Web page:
Our region’s green mindset shines through as a top priority in the Long Term Plan
Environmental protection and enhancement, accessible and efficient public transport, and action on the climate emergency – have been ranked by our community as Greater Wellington’s top priorities, reports a survey on Greater Wellington Regional Council’s 2021-2031 Long Term Plan.
As part of pre-engagement on the Long Term Plan, which is Greater Wellington’s roadmap of activities over the next decade, the people of our rohe (region) were asked what they see as important for the regional council to focus on over the next ten years.
The community provided feedback on the strategic priorities that council developed to guide the development of our 2021-31 Long Term Plan.
Over the course of the engagement period, 182,469 people were reached and 1,086 responses were received through online submissions.
Greater Wellington Chair Daran Ponter says, “Our region has a strong environmental stance, and this was captured in our pre-engagement results with over 60 percent rating ‘Responding to the climate emergency’ as extremely important,” says Greater Wellington chair Daran Ponter.
“The vast majority of respondents to the survey acknowledge the climate crisis is a real and important issue that we all need to work towards solving.
“Our community recognise climate change is a complex challenge. They want to see our region prioritising the health of our environment and improving public transport to help reduce the number of vehicles on the road, which will help mitigate our climate change emergency.”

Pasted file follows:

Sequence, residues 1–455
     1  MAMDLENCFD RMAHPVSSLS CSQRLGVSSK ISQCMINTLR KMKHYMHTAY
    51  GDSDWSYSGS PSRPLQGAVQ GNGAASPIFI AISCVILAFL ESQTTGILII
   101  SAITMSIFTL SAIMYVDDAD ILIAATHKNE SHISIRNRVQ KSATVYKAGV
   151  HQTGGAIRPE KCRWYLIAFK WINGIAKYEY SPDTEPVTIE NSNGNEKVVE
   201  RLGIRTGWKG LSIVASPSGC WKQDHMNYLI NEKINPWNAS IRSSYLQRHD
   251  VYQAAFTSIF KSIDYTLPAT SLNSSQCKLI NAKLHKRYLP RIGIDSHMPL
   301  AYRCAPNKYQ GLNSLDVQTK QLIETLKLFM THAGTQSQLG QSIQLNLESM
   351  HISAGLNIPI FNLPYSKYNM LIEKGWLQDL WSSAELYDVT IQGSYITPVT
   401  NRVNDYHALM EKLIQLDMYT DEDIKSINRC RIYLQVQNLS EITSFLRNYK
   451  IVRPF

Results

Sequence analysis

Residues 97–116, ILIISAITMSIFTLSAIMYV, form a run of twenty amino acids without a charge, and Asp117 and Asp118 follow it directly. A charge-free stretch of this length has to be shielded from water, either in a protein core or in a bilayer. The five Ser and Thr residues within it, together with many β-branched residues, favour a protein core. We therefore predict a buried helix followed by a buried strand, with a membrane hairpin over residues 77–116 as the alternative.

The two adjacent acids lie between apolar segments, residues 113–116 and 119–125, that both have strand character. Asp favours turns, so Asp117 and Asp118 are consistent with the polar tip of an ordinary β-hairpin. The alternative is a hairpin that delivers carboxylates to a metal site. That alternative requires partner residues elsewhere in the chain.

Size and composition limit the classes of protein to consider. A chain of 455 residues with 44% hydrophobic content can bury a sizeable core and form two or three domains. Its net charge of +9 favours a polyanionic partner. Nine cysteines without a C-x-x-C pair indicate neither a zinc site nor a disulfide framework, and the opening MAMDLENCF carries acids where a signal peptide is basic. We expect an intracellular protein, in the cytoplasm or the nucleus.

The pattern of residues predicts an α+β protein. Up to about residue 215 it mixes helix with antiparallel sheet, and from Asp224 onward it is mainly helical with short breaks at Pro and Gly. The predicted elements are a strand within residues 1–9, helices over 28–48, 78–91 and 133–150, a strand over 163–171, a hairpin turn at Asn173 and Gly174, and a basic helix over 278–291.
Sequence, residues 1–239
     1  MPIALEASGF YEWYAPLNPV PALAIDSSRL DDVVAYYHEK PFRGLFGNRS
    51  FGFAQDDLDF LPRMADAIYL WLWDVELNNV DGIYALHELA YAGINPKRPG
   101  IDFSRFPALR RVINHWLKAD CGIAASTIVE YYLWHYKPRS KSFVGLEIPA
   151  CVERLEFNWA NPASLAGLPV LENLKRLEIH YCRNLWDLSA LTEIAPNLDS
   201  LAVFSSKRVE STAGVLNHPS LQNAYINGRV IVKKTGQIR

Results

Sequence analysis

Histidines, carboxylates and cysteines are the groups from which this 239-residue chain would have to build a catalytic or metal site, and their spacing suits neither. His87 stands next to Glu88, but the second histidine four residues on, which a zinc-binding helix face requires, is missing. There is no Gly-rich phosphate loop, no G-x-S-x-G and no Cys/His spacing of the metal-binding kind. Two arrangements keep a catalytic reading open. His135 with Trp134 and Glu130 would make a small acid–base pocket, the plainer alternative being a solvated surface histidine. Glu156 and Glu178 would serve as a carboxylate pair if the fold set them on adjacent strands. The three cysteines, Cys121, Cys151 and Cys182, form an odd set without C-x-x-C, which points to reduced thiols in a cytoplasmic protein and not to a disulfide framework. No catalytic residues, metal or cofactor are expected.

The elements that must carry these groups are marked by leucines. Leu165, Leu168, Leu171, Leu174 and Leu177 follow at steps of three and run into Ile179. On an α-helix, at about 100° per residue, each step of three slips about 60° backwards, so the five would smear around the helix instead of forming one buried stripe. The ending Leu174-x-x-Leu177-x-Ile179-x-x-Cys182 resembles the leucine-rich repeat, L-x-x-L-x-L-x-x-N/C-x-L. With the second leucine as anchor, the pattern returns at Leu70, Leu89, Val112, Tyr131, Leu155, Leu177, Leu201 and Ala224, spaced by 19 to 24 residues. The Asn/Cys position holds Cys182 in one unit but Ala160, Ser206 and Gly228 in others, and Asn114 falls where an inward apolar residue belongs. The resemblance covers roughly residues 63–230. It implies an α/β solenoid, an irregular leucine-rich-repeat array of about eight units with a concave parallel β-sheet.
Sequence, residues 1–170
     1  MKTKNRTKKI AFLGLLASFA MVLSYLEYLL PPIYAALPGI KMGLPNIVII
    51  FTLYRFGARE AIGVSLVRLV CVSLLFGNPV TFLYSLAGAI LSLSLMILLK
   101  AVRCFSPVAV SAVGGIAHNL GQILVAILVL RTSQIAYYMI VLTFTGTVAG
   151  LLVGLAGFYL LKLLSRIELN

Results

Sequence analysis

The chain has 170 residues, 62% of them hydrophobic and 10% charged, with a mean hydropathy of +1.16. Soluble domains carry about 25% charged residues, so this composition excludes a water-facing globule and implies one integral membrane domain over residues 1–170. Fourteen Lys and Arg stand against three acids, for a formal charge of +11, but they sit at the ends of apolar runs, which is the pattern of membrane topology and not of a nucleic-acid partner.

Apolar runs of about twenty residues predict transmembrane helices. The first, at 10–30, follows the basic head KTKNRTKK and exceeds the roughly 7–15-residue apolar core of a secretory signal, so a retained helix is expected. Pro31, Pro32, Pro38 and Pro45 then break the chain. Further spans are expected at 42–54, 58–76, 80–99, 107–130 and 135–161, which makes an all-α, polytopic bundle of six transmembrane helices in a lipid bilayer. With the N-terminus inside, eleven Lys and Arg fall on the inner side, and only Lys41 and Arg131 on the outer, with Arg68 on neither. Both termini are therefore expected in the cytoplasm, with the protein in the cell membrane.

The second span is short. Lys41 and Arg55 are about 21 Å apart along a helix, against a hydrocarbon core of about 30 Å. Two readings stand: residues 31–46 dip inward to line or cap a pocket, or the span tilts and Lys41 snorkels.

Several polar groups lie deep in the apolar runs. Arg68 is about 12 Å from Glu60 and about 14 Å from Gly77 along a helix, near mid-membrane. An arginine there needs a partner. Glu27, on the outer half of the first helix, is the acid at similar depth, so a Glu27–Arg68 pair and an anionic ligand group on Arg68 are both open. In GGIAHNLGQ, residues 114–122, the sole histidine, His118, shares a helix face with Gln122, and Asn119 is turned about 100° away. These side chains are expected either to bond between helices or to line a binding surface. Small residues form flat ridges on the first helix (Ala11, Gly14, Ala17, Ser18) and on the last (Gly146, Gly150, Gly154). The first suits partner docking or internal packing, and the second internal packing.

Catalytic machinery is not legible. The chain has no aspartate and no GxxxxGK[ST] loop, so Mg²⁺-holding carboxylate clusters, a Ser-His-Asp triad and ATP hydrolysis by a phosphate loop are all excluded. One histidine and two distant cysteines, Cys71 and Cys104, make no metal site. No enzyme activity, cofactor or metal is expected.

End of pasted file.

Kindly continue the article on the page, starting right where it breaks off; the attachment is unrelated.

Analysis of pre-engagement results on ‘Responding to the climate emergency’ distil down to four key themes.
“Essentially, the sentiment is that the community feels climate change action needs to be integrated into all decisions before it’s too late, as we’re already facing the brunt of its negative effects, something we are already doing at Greater Wellington” says Cr Ponter.
“They also want more and clearer information about Greater Wellington’s role in combating the climate crisis – specifically how we build the region’s resilience, prepare for natural disasters and reduce our carbon emissions.”
However, it was clear from public feedback that fighting climate change cannot be left to local government and that it needed to be led by central government.
“We agree that government is essential in doing the heavy lifting on the big decisions which need to be made on climate change, with local government operating at the sharp end in communities. We fully support the Government’s recent decision to declare a climate emergency and look forward to working with it to get to carbon positive as soon as possible.”
Cr Ponter says the council is aware of the community’s big expectations for action against climate change and the role council plays as a front-line agency in sustainable environmental management and responding to the climate emergency.
“These expectations and other cost pressures are likely to lead to an average rates increase of over 13 percent for 2021/22,” says Cr Ponter.
The community’s views will be sought on the elements that make up these increases, with the opportunity to indicate what priorities should sit at the top of the list.
The public consultation on the 2021-31 Long Term Plan is expected in March next year, register on the Have Your Say website to find out more about how you can have your say.